I know, I know. I promised scenes from the Galapagos would be in my next post, but……
A week ago (March 12), there was a full moon, an event that happens every 29.5 days. But for photographers in Washington, DC, it was a special night because the moon would rise in a location on the horizon that was pretty close to perfect for the so-called “Holy Grail” shot. It happens, on average, every one or two years.
Moonrise over Washington, D.C., March 12, 2017
(Technical: Nikon D810 with 70-200mm f/2.8 lens extended to 200mm on tripod; Exposure: 1.6 sec @ f/11, ISO 400; taken )
There is a spot in Arlington, Virginia where one has an excellent view of the city of Washington with a compositionally sweet alignment of the Lincoln Memorial, Washington Monument, and the U.S. Capitol. The location is the base of the Netherlands Carillon, just to the south of the Iwo Jima Memorial.
Before the advent of the smart phone/tablet, anticipating this event was not easy, requiring a compass and access to some publicly available software on the website of the U.S. Naval Observatory. But now, with the availability of numerous apps, such as The Photographer’s Ephemeris (TPE) or Photo Pils, anyone can figure it out. For example, on this night, even with temperatures hovering around freezing, there were over 60 photographers there, each with at least one tripod and a big lens.
Other than the cold weather, conditions looked pretty good on this evening. The sky was clear and the moon would rise at 86.0 degrees azimuth on the horizon and 13 minutes after sunset. That was a bit further south than ideal, and a bit later than desired relative to the sunset. Nevertheless, it would be the best opportunity in 2017 with only one other chance (October 5) that will be in the ballpark. However, in October, the blue twilight period (Civil Twilight) will end before the moon gets sufficiently elevated.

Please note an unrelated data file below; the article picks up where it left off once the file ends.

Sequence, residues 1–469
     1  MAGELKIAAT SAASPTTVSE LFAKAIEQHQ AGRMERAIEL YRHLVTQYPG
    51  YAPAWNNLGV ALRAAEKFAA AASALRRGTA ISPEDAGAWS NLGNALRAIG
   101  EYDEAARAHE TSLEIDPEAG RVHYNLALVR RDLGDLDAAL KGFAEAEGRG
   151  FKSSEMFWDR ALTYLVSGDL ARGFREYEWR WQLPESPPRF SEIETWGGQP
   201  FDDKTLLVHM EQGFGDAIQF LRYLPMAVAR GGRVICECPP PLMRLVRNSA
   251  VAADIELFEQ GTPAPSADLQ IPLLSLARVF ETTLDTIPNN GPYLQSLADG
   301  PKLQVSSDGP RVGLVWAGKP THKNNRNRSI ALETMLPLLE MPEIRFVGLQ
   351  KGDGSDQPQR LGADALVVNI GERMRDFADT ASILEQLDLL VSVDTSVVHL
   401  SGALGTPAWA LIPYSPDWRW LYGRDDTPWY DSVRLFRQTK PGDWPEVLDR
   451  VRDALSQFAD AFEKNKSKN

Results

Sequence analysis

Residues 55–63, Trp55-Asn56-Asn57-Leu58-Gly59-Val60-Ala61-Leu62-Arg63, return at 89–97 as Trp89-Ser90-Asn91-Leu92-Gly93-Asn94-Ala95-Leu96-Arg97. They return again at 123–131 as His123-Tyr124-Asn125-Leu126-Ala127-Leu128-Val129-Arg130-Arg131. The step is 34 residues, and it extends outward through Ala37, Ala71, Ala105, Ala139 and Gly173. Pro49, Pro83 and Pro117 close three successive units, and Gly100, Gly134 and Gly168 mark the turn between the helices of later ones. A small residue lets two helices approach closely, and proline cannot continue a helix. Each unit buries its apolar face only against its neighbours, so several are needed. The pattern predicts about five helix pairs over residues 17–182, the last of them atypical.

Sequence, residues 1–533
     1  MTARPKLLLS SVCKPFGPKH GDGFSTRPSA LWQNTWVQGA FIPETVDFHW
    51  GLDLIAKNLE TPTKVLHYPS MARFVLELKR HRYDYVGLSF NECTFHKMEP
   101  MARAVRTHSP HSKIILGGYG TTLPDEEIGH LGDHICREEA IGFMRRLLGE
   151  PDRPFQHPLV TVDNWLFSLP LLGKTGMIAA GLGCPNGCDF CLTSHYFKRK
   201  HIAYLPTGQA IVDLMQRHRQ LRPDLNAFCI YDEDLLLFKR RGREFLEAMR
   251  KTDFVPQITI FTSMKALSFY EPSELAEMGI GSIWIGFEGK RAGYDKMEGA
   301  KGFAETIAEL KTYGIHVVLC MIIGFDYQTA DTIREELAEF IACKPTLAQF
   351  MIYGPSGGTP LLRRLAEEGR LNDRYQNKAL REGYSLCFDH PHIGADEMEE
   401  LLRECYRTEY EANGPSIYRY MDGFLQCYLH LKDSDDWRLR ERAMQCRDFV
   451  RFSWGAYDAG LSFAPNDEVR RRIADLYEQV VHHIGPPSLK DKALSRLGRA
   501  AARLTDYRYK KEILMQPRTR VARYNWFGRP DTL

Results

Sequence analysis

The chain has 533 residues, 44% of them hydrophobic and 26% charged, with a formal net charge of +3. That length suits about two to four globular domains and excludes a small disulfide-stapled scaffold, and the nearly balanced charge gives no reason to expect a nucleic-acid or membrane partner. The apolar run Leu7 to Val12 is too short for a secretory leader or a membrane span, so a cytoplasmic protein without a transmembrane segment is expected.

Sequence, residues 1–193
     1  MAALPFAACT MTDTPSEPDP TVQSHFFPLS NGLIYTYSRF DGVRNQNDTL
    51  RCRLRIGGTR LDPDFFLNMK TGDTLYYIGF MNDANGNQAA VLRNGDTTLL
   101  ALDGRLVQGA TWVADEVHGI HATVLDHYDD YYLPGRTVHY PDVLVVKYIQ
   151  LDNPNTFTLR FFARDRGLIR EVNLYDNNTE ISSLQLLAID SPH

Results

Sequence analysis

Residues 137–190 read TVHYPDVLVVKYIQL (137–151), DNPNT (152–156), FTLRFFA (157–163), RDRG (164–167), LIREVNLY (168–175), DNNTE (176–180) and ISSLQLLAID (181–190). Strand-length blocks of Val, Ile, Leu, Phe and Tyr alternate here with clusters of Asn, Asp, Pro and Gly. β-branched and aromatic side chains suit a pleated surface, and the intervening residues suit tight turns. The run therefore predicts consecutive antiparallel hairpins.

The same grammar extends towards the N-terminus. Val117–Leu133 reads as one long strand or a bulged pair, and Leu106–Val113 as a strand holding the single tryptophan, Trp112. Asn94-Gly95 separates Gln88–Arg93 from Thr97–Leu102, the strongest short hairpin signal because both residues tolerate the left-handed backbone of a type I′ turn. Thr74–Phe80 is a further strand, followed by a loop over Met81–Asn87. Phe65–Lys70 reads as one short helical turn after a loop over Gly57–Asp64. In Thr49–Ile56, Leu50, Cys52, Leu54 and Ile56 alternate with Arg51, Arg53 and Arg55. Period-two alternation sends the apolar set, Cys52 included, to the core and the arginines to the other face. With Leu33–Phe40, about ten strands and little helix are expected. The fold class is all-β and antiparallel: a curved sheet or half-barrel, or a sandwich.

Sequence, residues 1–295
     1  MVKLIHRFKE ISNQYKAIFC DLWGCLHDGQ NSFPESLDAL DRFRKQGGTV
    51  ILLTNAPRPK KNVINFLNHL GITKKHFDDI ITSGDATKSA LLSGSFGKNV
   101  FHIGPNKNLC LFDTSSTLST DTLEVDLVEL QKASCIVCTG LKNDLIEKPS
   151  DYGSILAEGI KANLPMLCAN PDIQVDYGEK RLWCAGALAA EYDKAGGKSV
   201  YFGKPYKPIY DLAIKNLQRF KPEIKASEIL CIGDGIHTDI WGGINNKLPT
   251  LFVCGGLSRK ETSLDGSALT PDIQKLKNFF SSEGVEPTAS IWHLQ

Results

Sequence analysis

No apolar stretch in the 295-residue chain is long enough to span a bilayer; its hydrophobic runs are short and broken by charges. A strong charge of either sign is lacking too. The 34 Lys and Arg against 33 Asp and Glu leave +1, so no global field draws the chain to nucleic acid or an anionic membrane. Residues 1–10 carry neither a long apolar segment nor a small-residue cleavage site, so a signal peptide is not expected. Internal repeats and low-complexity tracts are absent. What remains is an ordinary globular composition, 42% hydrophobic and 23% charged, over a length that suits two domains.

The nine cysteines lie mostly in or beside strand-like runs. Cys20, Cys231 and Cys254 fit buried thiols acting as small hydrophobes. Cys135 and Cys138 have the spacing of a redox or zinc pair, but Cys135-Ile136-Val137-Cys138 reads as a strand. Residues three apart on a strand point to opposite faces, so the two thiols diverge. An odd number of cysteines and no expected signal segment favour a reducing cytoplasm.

(Technical: Nikon D810 with 70-200mm f/2.8 lens extended to 200mm on tripod; Exposure: 1.0 sec @ f/11, ISO 400; taken at 7:32 PM)
Although the official time of the moonrise was 7:27 PM, it would be a bit later before it would appear above the skyline. It was first sighted by the group at about 7:29 and the image immediately above was taken about 90 seconds later. By this time, the end of civil twilight is approaching and we would soon lose the classic blue color that is essential to this kind of image.
(Technical: Nikon D810 with 70-200mm f/2.8 lens extended to 200mm on tripod; Exposure: 2.0 sec @ f/11, ISO 400; taken at 6:36 PM)
Furthermore, the combination of a very clear sky with the rapidly fading twilight would cause the moon to become extremely bright as it rose above the dimming effects of the ground haze. The above image was taken at 6:36 PM, about 3 minutes before the end of civil twilight. Already the moon is becoming increasingly bright and the excellent details on its surface have almost vanished. Any images taken after this point would require increasingly heroic post-processing efforts.
So when you prepare for a moon shot, make sure you check more than the location. The relationship in time between the sunset and moonrise and civil twilight can have a significant impact on your results. If you are in a classic landscape situation where no artificial lighting typical of an urban scene is expected, you may want to evaluate the prospects on the night just before the actual full moon. This is especially true where a mountain may be blocking the moon at the time of the “official” moonrise.
Next (and I promise): Scenes from the Galapagos Islands.